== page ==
I have lived in base housing for 7 years now, at three different military bases. On one hand, base housing offers military families a sense of safety and security. Neighborhoods on base seem old-fashioned and peaceful, a throwback to the town of Mayberry in the old Andy Griffith TV show. There are some people who don’t even lock their car or house. On the other hand, this peacefulness can lull residents into a false sense of security. Military children need to be safe and protected, even in base housing.
No One Watches their Kids Every Moment. Not Even Me.
Even in our relatively safe neighborhood on base, we have had a few scares. I understand the need for constant vigilance, because there are moments when I have not watched my children. I have four young children. The oldest is eight, and the youngest is two. Sometimes, going to the bathroom is the most dangerous part of my day. Just last week, I let the oldest play with a neighbor across the street. (She is allowed to do this often.) But this time, she didn’t close the front door behind her. In the time that I went to the bathroom, the toddler went out the front door, and into the street to follow her big sister. Luckily for me, no cars drove on the road in the moments that she was outside! But you can imagine the heart attack I had when I came out of the bathroom and discovered that the toddler was in the road! Obviously, we all had a talk about keeping the door closed and locked. But can you imagine how much harder this situation would have been if a neighbor had seen my toddler in the street and called the police? What would your neighbors do if this had happened in your neighborhood?
Are Military Children Safer in Military Base Housing?
Families might be more relaxed on base then they would be in a neighborhood off-base. But that doesn’t mean there are no rules for children’s safety. Living in base housing has given me some puzzling moments where I scratch my head wondering why children are running around the neighborhood unattended. When I first moved onto a military base, we had a kindergartner come to our door on our first day there. She asked if she could come in and play. I had no idea where she lived or who her parents were, so I didn’t feel comfortable letting her inside. Then I watched her walk to the next house and ask to play with them! I soon learned that she lived two doors down, and her parents didn’t mind if she played in neighbor’s houses. Now I know that this is a common occurrence in military base housing. Many of the neighborhood kids play in each other’s houses or play together at the public park without parent supervision. Because I have a toddler, I still have to accompany all my children to the park. But sometimes, there are more than 10 children there, and I am the only adult! Different families have their own rules and standards about when their children can play unsupervised. Bu if we see something dangerous (like a toddler wandering in the street), we should probably first try to rescue the child and return them to their parents, instead of jumping to call the police and get the parents in trouble. If we are going to treat base housing like a village, then the “it takes a village” mentality applies to child supervision, too.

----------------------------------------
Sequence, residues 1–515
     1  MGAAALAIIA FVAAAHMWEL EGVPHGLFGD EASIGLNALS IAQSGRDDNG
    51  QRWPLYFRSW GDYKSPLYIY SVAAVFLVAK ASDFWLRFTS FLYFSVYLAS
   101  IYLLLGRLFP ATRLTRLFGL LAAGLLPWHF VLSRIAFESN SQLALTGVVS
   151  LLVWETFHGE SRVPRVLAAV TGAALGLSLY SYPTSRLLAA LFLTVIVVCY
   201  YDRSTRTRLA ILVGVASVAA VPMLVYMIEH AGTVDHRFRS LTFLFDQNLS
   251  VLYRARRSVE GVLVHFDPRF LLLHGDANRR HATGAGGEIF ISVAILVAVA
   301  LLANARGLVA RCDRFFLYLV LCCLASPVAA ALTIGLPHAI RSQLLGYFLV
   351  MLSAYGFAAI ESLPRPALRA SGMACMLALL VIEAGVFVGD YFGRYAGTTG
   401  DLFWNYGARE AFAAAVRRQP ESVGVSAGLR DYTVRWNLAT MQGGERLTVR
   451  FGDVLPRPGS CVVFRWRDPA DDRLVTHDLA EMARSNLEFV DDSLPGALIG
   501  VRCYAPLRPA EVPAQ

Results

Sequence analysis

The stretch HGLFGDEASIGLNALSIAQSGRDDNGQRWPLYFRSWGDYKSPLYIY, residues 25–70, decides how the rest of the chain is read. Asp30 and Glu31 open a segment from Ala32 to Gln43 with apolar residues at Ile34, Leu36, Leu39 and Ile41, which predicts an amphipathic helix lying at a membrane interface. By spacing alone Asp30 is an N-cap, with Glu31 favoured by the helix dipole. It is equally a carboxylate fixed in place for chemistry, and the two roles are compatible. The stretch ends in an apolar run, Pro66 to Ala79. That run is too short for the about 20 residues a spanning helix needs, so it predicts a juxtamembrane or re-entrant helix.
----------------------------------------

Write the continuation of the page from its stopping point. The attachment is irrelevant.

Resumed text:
Sometimes, I feel like we all live in fear of someone making a phone call to Child Protective Services about us. Living on a military base can be like living in a fishbowl. Everyone knows your name, your rank, and your address. For the most part, military neighbors are very helpful, and the most supportive community I have ever met. But sometimes, they can be a little bit too nosy. Whether you are a helicopter parent or a free range parent, there will always be someone who disagrees with your parenting style and thinks you are doing it wrong. Maybe we all need to agree to some basic guidelines for children’s safety on base.
Rules to Keep Children Safe on a Military Base
What rules or guidelines can be used to keep military kids safe on base? Well, most military installations have their own standards, which vary because of different state laws. In some cases, “supervision” could be an older sibling. In other cases, a parent should be present. What do you think about these guidelines?
- Children under age 6 should not be in common areas (base parks, playgrounds, and cul-de-sacs) without supervision.
- Children under age 6 should not walk to and from school alone.
- Children under 8 should not be left in a car unattended
- Children under the age of 10 should not be left home alone.
- Children shouldn’t knock on neighbor’s doors until their parents have met the neighbor.
- No children should play in the street, unless it is a cul-de-sac and they are old enough to get on a sidewalk when cars approach.
- Children should not play in a neighbor’s yard or driveway without asking.
- Older children should be taught that it is wrong to deface public property, throw things at cars, or harass dogs inside fences. Doing so could cause them to be reported and/or punished.
Do you follow these basic rules with your children? What works on your base?